Olympics-Belarus athlete granted Polish visa after refusing to go home


Belarusian sprinter Krystsina Tsimanouskaya is escorted by police officers at Haneda international airport in Tokyo, Japan August 1, 2021. REUTERS/Issei Kato

TOKYO (Reuters) -A Belarusian athlete who took refuge in the Polish embassy in Tokyo on Monday, a day after refusing her team's orders to board a flight home from the Olympic Games, has been granted a humanitarian visa by the Warsaw government.

Sprinter Krystsina Tsimanouskaya plans to leave for Poland in the coming days, a Polish deputy foreign minister, Marcin Przydacz, told Reuters. She is "safe and in good condition" after walking into the embassy on Monday morning, he said.

Another deputy foreign minister, Pawel Jablonski, said: "I can confirm that we have issued a humanitarian visa. I can confirm that we will provide all necessary support in Poland if she wishes to use it."

Tsimanouskaya, 24, had been due to compete in the women's 200 metre heats on Monday but said that on Sunday she was taken to the airport to board a Turkish Airlines flight.

She refused, telling Reuters: "I will not return to Belarus."

The European Union welcomed Poland's decision and said the repatriation attempt was further evidence of "brutal repression" by Belarusian President Alexander Lukashenko.

"We express our full solidarity to Krystsina Tsimanouskaya and commend the (EU) member states that offered her support," EU spokeswoman Nabila Massrali said.

The incident has focussed attention on Belarus, where police have cracked down on dissent following a wave of protests triggered by an election last year which the opposition says was rigged to keep Lukashenko in power.

The athlete arrived at the Polish embassy in an unmarked silver van about 5 p.m. local time (0800 GMT). She stepped out with her official team luggage, and greeted two officials before going inside.

Two women, one carrying the red and white flag seen as the symbol of opposition in Belarus, came to the gates to support her.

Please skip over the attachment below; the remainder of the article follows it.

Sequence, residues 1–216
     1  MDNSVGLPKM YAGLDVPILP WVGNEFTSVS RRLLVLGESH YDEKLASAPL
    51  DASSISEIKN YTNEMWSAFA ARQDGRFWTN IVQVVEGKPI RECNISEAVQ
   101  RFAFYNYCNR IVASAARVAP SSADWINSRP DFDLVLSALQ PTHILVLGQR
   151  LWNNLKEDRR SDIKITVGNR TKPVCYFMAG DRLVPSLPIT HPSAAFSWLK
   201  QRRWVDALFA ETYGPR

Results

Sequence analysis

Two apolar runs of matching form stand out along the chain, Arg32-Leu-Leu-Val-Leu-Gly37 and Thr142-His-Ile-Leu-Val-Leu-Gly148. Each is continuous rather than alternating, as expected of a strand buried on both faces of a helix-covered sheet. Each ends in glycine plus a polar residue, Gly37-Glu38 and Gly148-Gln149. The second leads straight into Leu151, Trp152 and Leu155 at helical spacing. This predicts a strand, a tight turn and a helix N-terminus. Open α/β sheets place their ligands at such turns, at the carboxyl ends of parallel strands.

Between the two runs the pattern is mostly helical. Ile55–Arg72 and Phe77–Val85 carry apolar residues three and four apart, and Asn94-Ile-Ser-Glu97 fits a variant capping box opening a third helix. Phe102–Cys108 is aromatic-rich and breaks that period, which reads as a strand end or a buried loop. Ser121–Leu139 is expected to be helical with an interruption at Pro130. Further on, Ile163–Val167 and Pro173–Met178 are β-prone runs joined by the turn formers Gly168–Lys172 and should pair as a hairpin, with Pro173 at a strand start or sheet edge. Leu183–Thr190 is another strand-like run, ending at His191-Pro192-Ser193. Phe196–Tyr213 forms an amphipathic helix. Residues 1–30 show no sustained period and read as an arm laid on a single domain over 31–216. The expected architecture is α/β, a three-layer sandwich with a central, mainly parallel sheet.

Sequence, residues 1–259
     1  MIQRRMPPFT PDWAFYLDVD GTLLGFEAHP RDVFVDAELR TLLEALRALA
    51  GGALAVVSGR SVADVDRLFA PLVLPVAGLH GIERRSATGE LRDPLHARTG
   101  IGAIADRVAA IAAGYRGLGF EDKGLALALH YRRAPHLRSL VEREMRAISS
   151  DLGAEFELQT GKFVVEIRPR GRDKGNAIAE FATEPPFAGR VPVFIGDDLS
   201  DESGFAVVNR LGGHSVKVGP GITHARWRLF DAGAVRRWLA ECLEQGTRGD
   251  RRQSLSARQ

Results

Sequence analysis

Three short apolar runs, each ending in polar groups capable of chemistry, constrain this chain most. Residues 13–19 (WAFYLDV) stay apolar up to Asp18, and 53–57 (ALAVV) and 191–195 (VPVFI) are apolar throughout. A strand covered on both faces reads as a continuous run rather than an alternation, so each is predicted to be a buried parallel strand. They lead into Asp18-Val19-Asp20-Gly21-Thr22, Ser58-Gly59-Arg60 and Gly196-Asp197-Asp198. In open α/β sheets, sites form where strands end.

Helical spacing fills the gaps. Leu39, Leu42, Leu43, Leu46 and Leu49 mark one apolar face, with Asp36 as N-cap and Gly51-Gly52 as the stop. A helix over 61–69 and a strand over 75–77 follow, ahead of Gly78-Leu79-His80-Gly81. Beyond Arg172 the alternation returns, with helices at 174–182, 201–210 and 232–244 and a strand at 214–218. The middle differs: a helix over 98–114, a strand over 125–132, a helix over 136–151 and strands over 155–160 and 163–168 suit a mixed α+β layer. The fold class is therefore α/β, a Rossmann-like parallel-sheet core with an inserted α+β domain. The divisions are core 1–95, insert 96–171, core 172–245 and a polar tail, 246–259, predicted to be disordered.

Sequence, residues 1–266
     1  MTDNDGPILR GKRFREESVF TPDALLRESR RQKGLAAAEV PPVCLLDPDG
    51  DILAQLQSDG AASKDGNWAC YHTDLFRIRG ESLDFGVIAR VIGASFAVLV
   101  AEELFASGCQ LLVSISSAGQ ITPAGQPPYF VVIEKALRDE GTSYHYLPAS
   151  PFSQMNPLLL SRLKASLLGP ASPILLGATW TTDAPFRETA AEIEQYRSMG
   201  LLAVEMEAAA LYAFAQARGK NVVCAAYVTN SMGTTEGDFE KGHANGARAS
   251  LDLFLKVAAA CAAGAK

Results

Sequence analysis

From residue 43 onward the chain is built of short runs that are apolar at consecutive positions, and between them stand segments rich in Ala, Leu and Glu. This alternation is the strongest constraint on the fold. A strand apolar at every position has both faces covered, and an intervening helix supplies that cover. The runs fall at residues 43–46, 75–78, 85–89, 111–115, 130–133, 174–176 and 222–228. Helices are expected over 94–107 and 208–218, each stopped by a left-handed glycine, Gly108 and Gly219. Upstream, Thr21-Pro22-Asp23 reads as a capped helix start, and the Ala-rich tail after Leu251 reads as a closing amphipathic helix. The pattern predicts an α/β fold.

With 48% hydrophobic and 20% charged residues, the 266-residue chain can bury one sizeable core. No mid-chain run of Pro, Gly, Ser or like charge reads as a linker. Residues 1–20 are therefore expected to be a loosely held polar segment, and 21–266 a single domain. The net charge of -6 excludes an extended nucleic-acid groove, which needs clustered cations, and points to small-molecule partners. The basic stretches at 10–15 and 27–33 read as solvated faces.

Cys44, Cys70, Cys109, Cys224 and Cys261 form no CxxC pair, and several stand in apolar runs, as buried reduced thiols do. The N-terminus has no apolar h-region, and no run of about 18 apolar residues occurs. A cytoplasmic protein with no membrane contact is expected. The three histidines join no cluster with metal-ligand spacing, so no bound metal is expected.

POLICE PROTECTION

Her husband, Arseni Zhdanevich, will join her in Poland, a Warsaw-based Belarusian opposition politician said.

"Thanks to the support of the Belarusian Athletes' Solidarity Foundation, (Tsimanouskaya's) husband is in Kyiv and he will join Krystsina," Pavel Latushko told Reuters.

Zhdanevich had already entered Ukraine, a Ukrainian interior ministry source said.

A Belarusian opposition politician said Belarus officials had told Tsimanouskaya's mother that her daughter was a spy for Western governments.

Pavel Latushko, who lives in Warsaw, told Reuters Tsimanouskaya had told him via text message that her mother had been approached by someone from Lukashenko's office and asked to persuade the athlete to come home.

Tsimanouskaya told a Reuters reporter via Telegram that the Belarusian head coach had turned up at her room on Sunday at the athletes' village and told her she had to leave.

"The head coach came over to me and said there had been an order from above to remove me," she wrote in the message. "At 5 (pm) they came my room and told me to pack and they took me to the airport."

But she refused to board and sought the protection of Japanese police.

Tsimanouskaya said she had been removed from the team as she had spoken out about what she described as the negligence of their coaches.

She had complained on Instagram that she was entered in the 4x400 m relay after some team members were found to be ineligible to compete at the Olympics because they had not undergone sufficient doping tests.

"And the coach added me to the relay without my knowledge," Tsimanouskaya said.

The Belarusian Olympic Committee said coaches had decided to withdraw Tsimanouskaya from the Games on doctors' advice about her "emotional, psychological state".

Belarus athletics head coach Yuri Moisevich told state television he "could see there was something wrong with her ... She either secluded herself or didn't want to talk".

Earlier on Monday, International Olympic Committee spokesperson Mark Adams said officials would continue conversations with Tsimanouskaya and had asked for a full report from the Belarus Olympic committee.

The Japanese government said she had been kept safe while Tokyo 2020 organisers and the IOC checked her intentions.

The United States ambassador to Belarus, Julie Fisher, said Lukashenko's government had tried to discredit and humiliate Tsimanouskaya for expressing her views, and she praised the Japanese and Polish authorities for their quick action.

The IOC spokesperson also said it had taken a number of actions against Belarus' Olympic Committee following nationwide protests in the country.

In March, the IOC refused to recognise https://www.reuters.com/lifestyle/sports/olympics-ioc-does-not-recognise-lukashenko-sons-belarus-olympic-vote-2021-03-08 the election of Lukashenko's son Viktor as head of the country's Olympic Committee. Both father and son were banned from attending the Games in December.

(Reporting by Gabrielle Tetrault-Farber and Antoni Slodkowski; additional reporting by Karolos Grohmann, Ilya Zhegulev, Margaryta Chornokondtratenko, Chang-Ran Kim, Alan Charlish and Alicja Ptak; Writing by Leela de Kretser, Angus MacSwan and Giles Elgood; Editing by Andrew Heavens)

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